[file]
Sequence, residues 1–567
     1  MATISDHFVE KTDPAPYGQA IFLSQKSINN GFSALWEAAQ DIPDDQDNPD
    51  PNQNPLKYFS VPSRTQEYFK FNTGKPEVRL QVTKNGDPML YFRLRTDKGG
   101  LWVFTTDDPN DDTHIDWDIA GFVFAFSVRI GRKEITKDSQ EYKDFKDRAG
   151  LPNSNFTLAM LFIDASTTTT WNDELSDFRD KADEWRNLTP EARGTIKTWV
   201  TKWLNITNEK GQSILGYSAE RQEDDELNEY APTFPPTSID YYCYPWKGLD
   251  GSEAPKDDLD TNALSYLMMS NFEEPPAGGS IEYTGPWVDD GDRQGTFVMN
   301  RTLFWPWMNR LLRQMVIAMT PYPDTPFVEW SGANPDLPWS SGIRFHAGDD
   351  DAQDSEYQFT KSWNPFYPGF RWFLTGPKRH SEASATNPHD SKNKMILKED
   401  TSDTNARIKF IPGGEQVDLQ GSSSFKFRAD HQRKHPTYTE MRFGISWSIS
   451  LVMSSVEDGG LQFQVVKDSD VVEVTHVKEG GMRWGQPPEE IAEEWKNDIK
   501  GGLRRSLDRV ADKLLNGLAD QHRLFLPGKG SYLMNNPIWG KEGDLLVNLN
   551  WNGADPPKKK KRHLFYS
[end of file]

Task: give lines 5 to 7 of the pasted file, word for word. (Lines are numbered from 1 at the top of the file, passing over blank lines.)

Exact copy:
   151  LPNSNFTLAM LFIDASTTTT WNDELSDFRD KADEWRNLTP EARGTIKTWV
   201  TKWLNITNEK GQSILGYSAE RQEDDELNEY APTFPPTSID YYCYPWKGLD
   251  GSEAPKDDLD TNALSYLMMS NFEEPPAGGS IEYTGPWVDD GDRQGTFVMN